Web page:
Type 2 Triathlete

I became interested in triathlon about 6 years ago. I dipped my toes in about 5 years ago and around 3 years ago I started wanting to see what I could do if I actually trained instead of just doing a small local race with whatever I had in me on that day. Then in May of 2016, I was diagnosed with Type 2 diabetes.

I have heard people say things like “I have <insert disease>. I am not <insert disease>. My disease does not define me.” And I understand the spirit behind that attitude. I applaud the spirit behind that attitude. But the fact is, I am diabetic. And diabetes DOES define me. Not completely, no. And it does not have to LIMIT me. But it is one of my many defining characteristics.¬† I am also a Jesus follower. And a wife. And a mom. I am clumsy. I laugh a lot. I am loud and love to dance (badly). And many of those other defining characteristics impact the triathlete part of my life because they’re all a part of me and my life. But honestly, none of them confound me quite like the diabetic component.

When I started looking for other Type 2 triathletes, I found very few. I found quite a lot pages and blogs and stories from Type 1s. And those stories are inspiring but how they manage things is completely different than me. I can’t even imagine that level of monitoring.

I’m sure the Type 2s are out there. Maybe they’re in forums and discussion boards. I don’t tend to keep up well with those though. So I decided to start creating the kind of content I was looking for. Training stories and blood sugar tracking. Nutrition experiments and results. A lot of what you would read for a “normal” triathlete but with transparency on my fourth discipline. I swim/bike/run AND actively manage blood sugar. Two and half years and I still don’t have it completely under control. My last A1C test results were not good although my daily averages since have been. (I was also unable to walk or train during most of the last testing period due to injury).

So I don’t know exactly what this will look like. If any of you other Type 2 Triathletes out there find me, let me know what you want to see. Let’s talk about how you manage. My goal for 2019 is to complete a 70.3 in September…without a trip to the med tent. I know it’s doable. One training session at a time.

Ground Zero

I’ve debated writing about this. On one hand, it’s not a big deal. On the other hand, it kinda is.

Earlier this year I felt fantastic. I was playing softball and training for a triathlon. Weight was finally dropping, I was getting faster, my energy levels were great.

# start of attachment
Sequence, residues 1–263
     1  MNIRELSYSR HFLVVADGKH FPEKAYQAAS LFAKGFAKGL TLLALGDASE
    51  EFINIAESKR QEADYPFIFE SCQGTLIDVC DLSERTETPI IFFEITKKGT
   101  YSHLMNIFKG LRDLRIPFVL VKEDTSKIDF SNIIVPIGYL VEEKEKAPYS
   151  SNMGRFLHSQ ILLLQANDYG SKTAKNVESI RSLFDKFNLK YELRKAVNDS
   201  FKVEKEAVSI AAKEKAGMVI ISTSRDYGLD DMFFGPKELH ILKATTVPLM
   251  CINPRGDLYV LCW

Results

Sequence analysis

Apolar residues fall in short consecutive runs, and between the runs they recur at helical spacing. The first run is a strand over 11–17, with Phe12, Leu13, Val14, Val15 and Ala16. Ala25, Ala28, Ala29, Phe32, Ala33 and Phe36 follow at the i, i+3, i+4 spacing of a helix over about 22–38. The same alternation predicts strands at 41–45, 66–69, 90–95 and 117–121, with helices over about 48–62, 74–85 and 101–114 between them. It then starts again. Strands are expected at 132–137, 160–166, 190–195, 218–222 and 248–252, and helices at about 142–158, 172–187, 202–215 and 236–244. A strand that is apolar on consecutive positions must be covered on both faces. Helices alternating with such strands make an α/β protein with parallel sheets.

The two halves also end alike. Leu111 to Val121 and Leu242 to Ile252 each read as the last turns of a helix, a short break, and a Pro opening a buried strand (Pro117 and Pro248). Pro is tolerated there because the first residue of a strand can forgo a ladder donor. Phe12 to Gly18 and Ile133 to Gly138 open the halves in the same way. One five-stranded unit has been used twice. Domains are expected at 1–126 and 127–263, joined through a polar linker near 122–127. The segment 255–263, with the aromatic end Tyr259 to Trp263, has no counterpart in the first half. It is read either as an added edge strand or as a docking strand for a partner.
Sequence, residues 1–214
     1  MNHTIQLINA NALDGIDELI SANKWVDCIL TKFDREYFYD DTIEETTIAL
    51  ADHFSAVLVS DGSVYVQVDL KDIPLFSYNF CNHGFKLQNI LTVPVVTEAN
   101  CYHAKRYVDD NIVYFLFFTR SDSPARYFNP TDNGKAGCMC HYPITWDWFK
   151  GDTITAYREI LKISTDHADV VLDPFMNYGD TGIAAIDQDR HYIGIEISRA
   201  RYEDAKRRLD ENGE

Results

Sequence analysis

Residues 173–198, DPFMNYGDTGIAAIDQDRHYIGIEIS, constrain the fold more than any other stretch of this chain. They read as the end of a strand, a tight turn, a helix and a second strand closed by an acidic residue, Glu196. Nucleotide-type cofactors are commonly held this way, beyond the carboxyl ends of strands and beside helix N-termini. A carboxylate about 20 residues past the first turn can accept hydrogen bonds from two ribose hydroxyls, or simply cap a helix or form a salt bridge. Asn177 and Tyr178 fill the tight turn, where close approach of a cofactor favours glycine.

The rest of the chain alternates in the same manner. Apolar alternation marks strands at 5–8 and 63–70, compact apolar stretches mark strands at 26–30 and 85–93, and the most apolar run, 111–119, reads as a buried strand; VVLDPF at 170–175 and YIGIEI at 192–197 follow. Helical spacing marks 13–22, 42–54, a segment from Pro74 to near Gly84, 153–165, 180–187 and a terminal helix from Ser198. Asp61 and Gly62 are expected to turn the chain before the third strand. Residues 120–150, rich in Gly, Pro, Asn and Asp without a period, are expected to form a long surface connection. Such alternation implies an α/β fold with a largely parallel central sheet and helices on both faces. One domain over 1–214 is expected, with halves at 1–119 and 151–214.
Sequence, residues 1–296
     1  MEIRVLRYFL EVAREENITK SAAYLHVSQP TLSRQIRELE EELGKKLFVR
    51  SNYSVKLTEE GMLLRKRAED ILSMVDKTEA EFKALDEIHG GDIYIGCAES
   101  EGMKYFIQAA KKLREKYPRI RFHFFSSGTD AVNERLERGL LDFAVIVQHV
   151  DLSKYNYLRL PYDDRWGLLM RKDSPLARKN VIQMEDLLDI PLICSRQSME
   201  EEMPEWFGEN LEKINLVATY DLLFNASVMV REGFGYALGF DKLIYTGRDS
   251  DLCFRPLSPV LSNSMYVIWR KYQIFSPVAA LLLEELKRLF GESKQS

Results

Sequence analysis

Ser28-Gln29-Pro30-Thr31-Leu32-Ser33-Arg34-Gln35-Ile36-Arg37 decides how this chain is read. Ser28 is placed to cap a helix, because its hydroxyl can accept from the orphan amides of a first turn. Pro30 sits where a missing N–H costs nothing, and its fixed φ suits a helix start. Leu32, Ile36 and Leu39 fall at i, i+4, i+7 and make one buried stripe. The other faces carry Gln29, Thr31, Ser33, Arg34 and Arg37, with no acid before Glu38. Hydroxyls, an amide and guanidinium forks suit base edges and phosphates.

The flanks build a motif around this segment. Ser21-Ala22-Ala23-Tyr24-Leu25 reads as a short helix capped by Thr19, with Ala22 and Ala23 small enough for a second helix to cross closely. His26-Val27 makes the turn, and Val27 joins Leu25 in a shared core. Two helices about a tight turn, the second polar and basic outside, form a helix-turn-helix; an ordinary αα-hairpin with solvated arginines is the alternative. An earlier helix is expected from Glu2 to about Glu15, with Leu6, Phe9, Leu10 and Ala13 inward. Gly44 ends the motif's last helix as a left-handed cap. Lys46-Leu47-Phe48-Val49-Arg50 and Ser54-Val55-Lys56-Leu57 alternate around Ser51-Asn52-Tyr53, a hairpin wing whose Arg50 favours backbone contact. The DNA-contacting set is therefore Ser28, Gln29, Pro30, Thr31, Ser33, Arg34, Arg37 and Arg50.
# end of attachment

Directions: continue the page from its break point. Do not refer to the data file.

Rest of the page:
Then I had blood work done to check my chronically low Vitamin D levels and was diagnosed as severely diabetic.

This year. It’s been a journey of meds and lifestyle changes. Of feeling terrible to feeling normal to feeling terrible again. Of finding out I could “do everything right” and my body still would not respond.

For the record – it is really difficult to stick with the whole strict lifestyle when you feel worse AND your body doesn’t respond.

My mental/emotional journey has not been linear. I have been mad. I checked all the right boxes and my body betrayed me anyway. I have been ashamed. Obviously I *DIDN’T* take care of myself and made myself sick. I have been discouraged and sad. What I do doesn’t matter; all my goals are out of reach and my life is now defined by this. I have been hyper focused and determined. I can eat perfect and work out harder than before; I can reverse this. It changes from week to week – sometimes from day to day. And I’ve found that how I feel physically greatly impacts my mental state. Since I have spent the past couple of months dealing with fatigue and nausea (yay supplemental meds), the mental battle has been the main one I’ve fought. Discouragement stalks me on a regular basis. I’m not ready to succumb completely.

I spend a lot of time on the couch right now (see above: fatigue). I have been forced to slow down (stop) and re-evaluate. I’m finally accepting that the goals, plans and priorities¬†I had for this year, and the foreseeable future, are irrelevant. That leaves a void. I don’t know that I’ve ever stared in the future with absolutely NO idea of how I was going to proceed, with a complete absence of an objective.

Right now the only thing I am ready to commit to is getting my brain back in this whole fighting for my health thing. I haven’t given up. Not completely. But I haven’t been as focused and strict as I could be. Maybe I’ll up my reading and writing game again too. We’ll see.